Biomechanics and Injury Assessment of Household Falls in Children
Child abuse is the leading cause of trauma-related fatalities in children less than four years of age. Children aged one year or less are particularly at risk with approximately one out of every 41 children in this age group suffering from abuse. Pediatric short distance falls, especially from beds or other furniture, are a common false history given by caretakers to cover up abusive trauma. In up to 70% of cases of children with abusive injuries, the initial explanation for the injuries given by the caretakers is a fall. However, short distance household falls are also a common occurrence in young children. Knowledge of the types and severity of injuries that can result from these short falls is necessary since clinicians are commonly asked to determine whether a child’s injuries are consistent with the stated cause of the injuries, when attempting to distinguish between inflicted and non-inflicted injuries. Early detection of abuse may lead to prevention of further escalating injuries and, in some cases, prevent the death of the child.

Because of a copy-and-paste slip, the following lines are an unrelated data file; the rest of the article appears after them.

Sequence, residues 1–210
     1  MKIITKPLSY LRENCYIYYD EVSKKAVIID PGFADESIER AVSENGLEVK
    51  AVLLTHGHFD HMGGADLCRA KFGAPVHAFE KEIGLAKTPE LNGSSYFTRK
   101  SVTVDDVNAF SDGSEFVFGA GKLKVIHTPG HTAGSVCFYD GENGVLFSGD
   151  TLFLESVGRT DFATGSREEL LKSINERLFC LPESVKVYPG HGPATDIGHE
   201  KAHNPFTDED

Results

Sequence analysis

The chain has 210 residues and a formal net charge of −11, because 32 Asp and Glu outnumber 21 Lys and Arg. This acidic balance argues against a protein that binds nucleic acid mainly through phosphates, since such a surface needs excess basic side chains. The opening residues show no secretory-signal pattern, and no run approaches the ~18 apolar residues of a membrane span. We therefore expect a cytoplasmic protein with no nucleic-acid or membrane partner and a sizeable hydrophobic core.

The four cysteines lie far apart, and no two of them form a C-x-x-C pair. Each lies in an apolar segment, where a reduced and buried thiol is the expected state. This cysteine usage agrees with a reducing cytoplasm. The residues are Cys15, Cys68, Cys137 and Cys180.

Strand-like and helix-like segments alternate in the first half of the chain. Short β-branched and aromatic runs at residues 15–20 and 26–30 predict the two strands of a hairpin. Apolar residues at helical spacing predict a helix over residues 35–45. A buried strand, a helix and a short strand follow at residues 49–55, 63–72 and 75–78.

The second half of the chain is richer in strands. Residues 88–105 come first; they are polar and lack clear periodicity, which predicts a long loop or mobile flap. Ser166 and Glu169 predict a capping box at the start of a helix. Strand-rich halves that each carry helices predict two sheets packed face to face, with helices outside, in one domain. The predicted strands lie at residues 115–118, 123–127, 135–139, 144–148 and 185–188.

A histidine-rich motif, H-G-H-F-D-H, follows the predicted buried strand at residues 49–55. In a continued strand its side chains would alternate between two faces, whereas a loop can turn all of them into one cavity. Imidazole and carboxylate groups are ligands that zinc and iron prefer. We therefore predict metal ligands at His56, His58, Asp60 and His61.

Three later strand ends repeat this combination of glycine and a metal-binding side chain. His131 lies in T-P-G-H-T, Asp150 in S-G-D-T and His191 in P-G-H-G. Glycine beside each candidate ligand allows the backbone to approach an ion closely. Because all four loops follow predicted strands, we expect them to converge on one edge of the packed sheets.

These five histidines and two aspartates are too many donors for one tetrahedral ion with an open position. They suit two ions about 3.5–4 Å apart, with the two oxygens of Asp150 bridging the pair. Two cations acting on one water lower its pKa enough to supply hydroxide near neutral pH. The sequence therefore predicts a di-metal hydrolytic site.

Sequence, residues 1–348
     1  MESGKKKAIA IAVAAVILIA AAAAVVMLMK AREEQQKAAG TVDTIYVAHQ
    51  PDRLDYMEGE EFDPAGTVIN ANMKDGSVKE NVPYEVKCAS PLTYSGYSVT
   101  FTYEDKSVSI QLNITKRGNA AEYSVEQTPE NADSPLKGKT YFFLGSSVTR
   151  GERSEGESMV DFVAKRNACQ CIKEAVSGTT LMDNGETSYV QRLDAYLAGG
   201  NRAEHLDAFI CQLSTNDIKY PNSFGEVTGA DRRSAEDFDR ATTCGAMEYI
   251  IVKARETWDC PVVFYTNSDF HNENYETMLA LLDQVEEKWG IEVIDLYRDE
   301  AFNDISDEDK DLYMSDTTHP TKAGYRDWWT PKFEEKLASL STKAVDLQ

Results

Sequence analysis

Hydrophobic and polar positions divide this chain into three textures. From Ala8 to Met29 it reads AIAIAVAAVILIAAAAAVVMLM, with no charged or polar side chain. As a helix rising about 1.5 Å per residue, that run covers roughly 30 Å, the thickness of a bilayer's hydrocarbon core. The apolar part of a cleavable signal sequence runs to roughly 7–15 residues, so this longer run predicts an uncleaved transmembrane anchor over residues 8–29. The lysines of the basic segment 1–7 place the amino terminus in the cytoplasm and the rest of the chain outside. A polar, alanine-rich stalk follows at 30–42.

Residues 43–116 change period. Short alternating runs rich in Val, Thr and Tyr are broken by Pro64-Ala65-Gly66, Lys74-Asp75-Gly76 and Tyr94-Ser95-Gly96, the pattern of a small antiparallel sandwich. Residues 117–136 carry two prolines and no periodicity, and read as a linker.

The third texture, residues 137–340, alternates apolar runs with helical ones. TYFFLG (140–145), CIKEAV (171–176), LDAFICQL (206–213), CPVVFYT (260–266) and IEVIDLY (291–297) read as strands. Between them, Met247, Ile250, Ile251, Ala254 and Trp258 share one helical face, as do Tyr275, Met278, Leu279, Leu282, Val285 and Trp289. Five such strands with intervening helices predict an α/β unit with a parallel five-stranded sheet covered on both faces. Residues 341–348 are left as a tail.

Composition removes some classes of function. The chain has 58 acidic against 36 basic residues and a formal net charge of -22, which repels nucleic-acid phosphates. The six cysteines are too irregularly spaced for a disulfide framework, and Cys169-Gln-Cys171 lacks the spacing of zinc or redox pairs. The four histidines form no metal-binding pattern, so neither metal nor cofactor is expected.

The purpose of this study is to provide objective information about injury risk in short distance falls to aid clinicians in distinguishing between inflicted and non-inflicted injuries in children. This will be accomplished by investigating the injury outcomes and biomechanics associated with common household falls. The specific aims of this study are to determine injury types and severities that are associated with short distance falls from horizontal furniture surfaces (such as a fall from bed, crib, couch, or table) in children ages 0-4, describe fall dynamics and determine biomechanical measures associated with these falls, describe relationships between biomechanical measures and injury outcomes, and to determine whether fall environment factors (height of fall, impact surface), initial position, initial velocity and surrogate characteristics affect the injury outcomes.